Books by Katherine Langrish

THE SHADOW HUNT by Katherine Langrish
Released: June 1, 2010

Langrish blends medieval Catholicism and old folk beliefs seamlessly with the supernatural. In late-12th-century England, on the Welsh border, young Wolf flees from a monastery, desperate for a life safer and wider than a browbeaten monkhood. On the desolate landscape, a hunt erupts—Lord Hugo, dogs, wolves, horses and an eerie, naked elf, who vanishes into a hill. Seeing a position as squire as his escape route, Wolf squeezes underground and drags out the pale, ferocious elf-child to impress Hugo. Hugo believes elves hold his dead wife captive and charges Wolf with teaching terrified Elfgift to speak so she can guide Hugo to reclaim his beloved. Wolf befriends Hugo's daughter, Nest; they work together to gentle Elfgift, but Brother Thomas, Wolf's brutal former master, and Halewyn, a dangerously charismatic jongleur who never takes off his donkey-eared hood, stir up violent chaos. Wolf and Nest's religious faith never wavers as they puzzle out what's supernatural, what's dangerous and what's simply emotional yearning in a narrative that masterfully allows every possibility to exist. Never telling and always showing, this spooky yet utterly grounded story features pitch-perfect prose, suspense and redemption. (Historical fantasy. 10-14)Read full book review >
TROLL BLOOD by Katherine Langrish
Released: June 17, 2008

Readers of the Trollsvik saga will realize from the first chapter (in which two Mi'kmaq Indians watch a Viking crew murder a man) that all will not go well when Peer and Hilde go a-Viking with Gunnar and his violent, quarrelsome son, Harald. The plot, lent tension by the revelation of secrets about Gunnar's past, will rivet readers' attention, and the exciting climax is satisfying, if a little pat. This final book in the series is as dark as the others and also considerably bloodier. Langrish's technique here involves a judicious manipulation of historical fact and folklore. Although this works well when describing Viking culture, her use of this stylistic method with Native Americans and their folklore, although quite effective as a fictional technique, may raise questions of cultural appropriation. (The list of sources for both Norse and Native American information is extensive, but many are quite old.) Buy this quick and exciting novel for the fans—then recommend Nancy Farmer's Sea of Trolls (2004) and Joanne Harris's Runemarks (2008). (Fantasy. 10-13)Read full book review >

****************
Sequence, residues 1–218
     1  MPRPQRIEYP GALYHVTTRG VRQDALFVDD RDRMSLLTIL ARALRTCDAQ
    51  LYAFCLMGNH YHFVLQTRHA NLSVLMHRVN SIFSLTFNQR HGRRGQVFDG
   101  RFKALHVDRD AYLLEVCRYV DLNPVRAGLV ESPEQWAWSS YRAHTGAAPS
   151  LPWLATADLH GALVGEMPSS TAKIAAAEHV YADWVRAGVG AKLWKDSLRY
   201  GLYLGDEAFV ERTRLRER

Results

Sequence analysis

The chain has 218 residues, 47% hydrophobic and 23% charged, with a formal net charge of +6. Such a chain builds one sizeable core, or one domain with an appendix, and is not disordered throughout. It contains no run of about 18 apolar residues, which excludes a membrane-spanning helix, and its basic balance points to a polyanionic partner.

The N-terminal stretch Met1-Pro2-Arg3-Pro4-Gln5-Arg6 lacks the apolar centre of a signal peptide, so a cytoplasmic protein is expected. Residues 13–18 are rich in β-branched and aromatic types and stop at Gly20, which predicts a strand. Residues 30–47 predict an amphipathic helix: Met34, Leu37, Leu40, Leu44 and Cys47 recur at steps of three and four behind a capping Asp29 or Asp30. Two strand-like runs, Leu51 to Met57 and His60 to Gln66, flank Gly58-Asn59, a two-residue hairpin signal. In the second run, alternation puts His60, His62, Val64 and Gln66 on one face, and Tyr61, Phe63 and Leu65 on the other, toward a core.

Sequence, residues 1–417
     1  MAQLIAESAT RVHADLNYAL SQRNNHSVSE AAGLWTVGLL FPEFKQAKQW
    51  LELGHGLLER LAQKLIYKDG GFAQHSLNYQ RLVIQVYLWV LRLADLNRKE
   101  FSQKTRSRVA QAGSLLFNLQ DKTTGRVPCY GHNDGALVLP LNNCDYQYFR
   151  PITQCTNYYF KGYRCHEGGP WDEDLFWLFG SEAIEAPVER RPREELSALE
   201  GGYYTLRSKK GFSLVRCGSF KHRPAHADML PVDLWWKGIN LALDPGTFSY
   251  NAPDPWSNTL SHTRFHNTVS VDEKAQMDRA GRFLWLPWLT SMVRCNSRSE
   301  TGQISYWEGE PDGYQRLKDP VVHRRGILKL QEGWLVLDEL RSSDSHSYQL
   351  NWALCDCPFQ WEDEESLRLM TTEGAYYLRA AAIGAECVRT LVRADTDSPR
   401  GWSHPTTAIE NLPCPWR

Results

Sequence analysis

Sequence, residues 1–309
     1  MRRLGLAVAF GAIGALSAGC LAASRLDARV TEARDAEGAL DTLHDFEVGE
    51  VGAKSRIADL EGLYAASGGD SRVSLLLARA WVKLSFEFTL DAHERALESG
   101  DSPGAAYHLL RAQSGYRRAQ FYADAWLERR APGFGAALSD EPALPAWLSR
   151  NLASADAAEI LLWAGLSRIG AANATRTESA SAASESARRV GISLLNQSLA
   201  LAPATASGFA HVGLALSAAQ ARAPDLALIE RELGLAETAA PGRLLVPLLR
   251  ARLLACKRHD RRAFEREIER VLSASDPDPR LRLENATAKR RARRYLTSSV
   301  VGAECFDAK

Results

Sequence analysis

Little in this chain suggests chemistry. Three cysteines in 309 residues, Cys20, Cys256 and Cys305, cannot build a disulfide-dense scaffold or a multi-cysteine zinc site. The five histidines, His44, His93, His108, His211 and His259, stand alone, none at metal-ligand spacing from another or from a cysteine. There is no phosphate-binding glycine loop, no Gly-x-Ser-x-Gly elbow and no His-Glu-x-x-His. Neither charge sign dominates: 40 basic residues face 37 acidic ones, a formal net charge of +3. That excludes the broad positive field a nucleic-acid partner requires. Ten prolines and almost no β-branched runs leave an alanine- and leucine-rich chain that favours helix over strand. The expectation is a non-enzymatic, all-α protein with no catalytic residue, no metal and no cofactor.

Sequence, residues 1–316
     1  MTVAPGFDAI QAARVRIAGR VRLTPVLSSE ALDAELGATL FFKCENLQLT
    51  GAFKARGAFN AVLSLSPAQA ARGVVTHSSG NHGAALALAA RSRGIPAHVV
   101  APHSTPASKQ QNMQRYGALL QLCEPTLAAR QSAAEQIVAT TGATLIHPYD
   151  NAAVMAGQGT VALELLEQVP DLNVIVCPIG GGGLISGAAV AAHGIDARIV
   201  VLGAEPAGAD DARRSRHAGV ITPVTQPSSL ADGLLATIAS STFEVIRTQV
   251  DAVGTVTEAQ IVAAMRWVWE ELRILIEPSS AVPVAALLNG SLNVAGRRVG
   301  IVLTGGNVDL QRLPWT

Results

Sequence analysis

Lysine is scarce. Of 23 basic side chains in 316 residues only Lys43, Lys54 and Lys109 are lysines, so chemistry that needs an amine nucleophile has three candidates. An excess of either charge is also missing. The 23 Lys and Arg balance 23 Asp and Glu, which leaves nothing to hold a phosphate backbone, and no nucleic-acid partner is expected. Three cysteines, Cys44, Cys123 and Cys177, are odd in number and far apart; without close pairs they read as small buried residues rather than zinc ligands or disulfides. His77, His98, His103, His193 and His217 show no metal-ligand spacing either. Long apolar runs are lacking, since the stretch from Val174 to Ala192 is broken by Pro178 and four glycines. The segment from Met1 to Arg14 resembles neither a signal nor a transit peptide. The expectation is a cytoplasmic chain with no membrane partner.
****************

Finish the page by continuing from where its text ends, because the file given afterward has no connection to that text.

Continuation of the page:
TROLL MILL by Katherine Langrish
Released: Feb. 1, 2006

In this sequel to Troll Fell (2004), a more mature Peer Ulfsson struggles with identity, disillusionment and unrequited love. The story begins with mysteries: Bjorn's wife pushes her baby daughter into Peer's arms before casting herself into the sea; the mill, deserted since Peer's uncles became trolls, runs at full throttle long after dark; and sheep disappear from the mountain—usually a sign that the trolls are on the move. Then it progresses through a variety of folkloric tropes and terrors—lubbers and trolls are back and selkies are a new addition—to a neat ending. Langrish really knows how to construct a plot, keep tension mounting and provide a satisfying narrative climax. That's not to say that she neglects character development. Peer, the foster family that took him in, and even the Troll Princess and her monstrous son, are well enough developed to keep readers involved in the suspenseful story. Fans of the first volume will be happy to have this companion, while those new to the tale will be able to follow the story with ease. (Fiction. 9-12)Read full book review >
TROLL FELL by Katherine Langrish
Released: June 1, 2004

As his father's funeral pyre burns, Peer Ulfsson, to his horror, meets a step-uncle whom his father has never mentioned. Baldur Grimson removes Peer from his home village to live with him and his twin, Grim, in an old mill outside the hamlet of Trollsvik, directly under the trolls' mountain. The twins—fearsome, greedy, and mean—treat Peer cruelly. However, Peer befriends local humans and other supernatural creatures who provide him with information and support him in thwarting the twins' plans. Although she keeps the historical details accurate, Langrish subordinates history to fantasy in this rousing middle-grade debut set in medieval Norway. The plot and subplots race along and wrap up neatly and satisfactorily in a nice, twisty ending. Even though the tale incorporates many elements common to fiction about orphans, the clearly delineated, memorable characters transcend stereotype. Goodhearted, resourceful Peer's courage, loyalty to his friends, and generosity will win reader's hearts and will ensure the appeal to readers of Emily Rodda's Rowan of Rin series and the Lemony Snickets. (Fiction. 9-12)Read full book review >